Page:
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Man Gets Swallowed by Whale and Spit Back Out [VIDEO]

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Images of the moment Rainier Schimpf, a deep sea diver and director of Dive Experts Tours, was picked up in the mouth of a whale were captured on film as he and a group were documenting a sardine run. Schimpf noticed the water churning around him when he was suddenly sucked into the mouth of a Bryde whale.

The incident took place off the coast of Port Elizabeth Harbour, east of Cape Town, according to a report by the Daily Mail.

Schimpf, who hails from South Africa, managed to escape the large mammal’s mouth, surviving the potentially fatal encounter.

Schimpf and his team had split into two groups, aiming to document a sardine run that usually attracts a variety of sea life, including seals, dolphins, penguins, sharks, and whales.

The team was 25 nautical miles from shore when the water started to churn. Schimpf ended up in a whale’s mouth, creating an image reminiscent of the Bible’s Jonah.

At the time of the near-swallowing, Schimpf was filming a shark as it worked its way through the bait ball. Then, his surroundings grew dark, and he felt the massive beast grab his body.

“I could feel the pressure on my hip, there is no time for fear in a situation like that – you have to use your instinct,” said Schimpf.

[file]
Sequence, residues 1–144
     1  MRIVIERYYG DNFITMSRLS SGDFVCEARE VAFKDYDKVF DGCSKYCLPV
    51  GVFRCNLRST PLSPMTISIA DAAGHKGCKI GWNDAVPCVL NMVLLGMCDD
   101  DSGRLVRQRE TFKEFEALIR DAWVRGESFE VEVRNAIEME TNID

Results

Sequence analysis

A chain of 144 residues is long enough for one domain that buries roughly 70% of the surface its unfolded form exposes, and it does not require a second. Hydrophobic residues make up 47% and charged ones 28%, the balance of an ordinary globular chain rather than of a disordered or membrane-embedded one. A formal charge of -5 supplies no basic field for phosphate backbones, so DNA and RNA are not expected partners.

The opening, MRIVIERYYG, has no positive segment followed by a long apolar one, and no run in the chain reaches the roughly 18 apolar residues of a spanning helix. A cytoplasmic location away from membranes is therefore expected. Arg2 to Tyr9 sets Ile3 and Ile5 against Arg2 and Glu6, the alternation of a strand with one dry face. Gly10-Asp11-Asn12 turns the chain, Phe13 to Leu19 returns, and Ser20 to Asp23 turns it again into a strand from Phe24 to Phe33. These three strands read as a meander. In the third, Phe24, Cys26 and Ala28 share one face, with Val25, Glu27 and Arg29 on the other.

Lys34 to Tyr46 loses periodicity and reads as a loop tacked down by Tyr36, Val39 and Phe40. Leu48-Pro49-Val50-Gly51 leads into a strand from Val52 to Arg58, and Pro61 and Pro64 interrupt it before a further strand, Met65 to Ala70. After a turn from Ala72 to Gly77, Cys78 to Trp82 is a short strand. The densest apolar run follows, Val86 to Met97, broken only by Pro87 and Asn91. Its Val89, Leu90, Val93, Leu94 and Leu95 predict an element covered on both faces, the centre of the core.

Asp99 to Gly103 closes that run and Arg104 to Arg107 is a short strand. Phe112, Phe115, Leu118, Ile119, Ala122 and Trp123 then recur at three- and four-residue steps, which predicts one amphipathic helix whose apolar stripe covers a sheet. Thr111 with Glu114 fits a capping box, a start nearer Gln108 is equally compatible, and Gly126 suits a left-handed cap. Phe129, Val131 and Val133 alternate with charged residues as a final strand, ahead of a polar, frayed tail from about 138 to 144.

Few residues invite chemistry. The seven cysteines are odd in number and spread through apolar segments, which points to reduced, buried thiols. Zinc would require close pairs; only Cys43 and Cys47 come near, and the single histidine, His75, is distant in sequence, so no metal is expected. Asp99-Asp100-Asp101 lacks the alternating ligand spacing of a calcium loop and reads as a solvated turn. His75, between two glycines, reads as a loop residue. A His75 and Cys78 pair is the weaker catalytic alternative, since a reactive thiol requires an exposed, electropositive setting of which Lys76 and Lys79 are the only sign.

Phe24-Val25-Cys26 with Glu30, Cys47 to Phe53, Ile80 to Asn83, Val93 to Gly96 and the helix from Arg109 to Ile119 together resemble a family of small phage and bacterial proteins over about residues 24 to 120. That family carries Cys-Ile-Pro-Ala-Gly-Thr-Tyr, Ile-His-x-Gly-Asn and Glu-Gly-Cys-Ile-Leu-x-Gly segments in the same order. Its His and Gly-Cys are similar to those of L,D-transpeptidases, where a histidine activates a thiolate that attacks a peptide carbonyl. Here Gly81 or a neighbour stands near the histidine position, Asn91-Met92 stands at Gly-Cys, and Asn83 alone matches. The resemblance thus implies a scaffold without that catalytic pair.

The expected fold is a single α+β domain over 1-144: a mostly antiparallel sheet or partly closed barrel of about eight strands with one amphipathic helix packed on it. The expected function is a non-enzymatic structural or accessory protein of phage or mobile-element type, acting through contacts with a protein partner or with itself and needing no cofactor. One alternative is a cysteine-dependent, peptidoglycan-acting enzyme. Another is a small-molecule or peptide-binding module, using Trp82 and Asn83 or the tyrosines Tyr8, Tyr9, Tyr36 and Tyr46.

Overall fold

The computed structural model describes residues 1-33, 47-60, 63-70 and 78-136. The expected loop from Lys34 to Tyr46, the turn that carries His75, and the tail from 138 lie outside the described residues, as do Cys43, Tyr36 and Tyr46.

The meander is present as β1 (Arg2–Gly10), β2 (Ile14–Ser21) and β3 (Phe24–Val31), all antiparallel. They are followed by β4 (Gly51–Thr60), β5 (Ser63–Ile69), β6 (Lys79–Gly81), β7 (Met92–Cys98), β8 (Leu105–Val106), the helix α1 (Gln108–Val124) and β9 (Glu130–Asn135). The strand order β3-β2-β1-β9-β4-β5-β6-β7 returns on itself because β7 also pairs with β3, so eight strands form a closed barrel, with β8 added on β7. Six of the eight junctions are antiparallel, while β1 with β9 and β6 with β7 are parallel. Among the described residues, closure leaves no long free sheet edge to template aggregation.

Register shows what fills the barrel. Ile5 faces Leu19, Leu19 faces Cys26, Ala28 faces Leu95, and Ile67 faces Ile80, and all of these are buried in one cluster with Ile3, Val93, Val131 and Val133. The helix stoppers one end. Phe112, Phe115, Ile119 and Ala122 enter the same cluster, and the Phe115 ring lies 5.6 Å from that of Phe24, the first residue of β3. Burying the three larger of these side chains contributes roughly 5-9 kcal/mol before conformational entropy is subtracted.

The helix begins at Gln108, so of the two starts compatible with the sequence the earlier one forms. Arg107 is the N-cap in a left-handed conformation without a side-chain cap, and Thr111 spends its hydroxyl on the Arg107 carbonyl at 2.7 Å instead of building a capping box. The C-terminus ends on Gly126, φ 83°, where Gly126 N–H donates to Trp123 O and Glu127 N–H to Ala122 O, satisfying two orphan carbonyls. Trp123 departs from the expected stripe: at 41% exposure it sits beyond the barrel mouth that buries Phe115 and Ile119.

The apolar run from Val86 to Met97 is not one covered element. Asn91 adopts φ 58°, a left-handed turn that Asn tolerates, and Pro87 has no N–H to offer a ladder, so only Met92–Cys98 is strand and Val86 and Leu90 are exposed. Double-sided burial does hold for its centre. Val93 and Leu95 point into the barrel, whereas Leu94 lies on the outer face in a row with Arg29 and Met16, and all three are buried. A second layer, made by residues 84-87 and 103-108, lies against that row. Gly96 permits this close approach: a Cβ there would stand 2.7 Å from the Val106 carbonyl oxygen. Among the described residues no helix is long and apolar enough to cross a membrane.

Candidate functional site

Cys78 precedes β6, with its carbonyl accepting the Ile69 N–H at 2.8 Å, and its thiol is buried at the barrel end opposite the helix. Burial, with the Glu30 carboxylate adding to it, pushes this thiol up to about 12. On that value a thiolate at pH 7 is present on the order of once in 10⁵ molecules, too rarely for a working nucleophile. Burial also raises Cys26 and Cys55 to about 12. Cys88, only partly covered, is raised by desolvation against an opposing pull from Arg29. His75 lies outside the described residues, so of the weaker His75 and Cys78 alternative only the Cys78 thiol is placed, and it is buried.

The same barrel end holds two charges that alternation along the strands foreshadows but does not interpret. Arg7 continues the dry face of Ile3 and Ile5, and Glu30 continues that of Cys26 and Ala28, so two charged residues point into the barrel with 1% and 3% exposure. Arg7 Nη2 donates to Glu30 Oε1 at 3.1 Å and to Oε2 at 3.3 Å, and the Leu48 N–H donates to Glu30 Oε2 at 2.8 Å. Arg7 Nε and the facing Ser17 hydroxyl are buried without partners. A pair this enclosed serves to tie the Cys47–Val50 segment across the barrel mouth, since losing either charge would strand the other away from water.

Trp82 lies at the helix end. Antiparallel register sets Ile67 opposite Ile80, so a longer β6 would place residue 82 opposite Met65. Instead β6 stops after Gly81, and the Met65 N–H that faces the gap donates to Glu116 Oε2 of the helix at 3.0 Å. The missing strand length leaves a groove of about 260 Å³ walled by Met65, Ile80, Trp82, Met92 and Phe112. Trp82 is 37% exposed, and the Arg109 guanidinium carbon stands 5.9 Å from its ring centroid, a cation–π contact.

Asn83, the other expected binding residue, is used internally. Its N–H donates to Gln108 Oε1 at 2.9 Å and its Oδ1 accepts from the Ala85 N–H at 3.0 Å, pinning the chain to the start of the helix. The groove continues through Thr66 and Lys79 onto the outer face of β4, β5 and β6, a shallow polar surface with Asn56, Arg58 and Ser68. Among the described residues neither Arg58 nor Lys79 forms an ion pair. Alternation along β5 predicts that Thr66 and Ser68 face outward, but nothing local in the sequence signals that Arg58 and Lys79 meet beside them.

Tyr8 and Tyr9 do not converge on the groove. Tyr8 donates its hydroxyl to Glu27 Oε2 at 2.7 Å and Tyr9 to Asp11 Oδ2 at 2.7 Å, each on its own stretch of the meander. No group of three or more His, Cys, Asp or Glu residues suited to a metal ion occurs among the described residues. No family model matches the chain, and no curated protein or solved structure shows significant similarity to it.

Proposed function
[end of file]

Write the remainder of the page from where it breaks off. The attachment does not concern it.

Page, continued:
“Nothing can actually prepare you for the event when you end up inside the whale – it’s pure instinct,” he continued.

“I held my breath because I thought he is going to dive down and release me much deeper in the ocean; it was pitch black inside.”

Schimpf’s colleague, photographer Heinz Toperczer, managed to capture the incident, focusing on Schimpf as the horrifying scene unfolded.

He later described the event, discussing how he could see dolphins leaping out of the water and a dense white spray erupt as the whale emerged with his colleague in its mouth.

After being spit out by the whale, Schimpf managed to return to the boat. He was, fortunately, unharmed.

Bryde Whales can reach 40 to 55 feet in length and are most commonly found in the Atlantic, Pacific, and Indian oceans. The massive mammals are typically dark gray and have the ability to dive to a depth of 300 meters.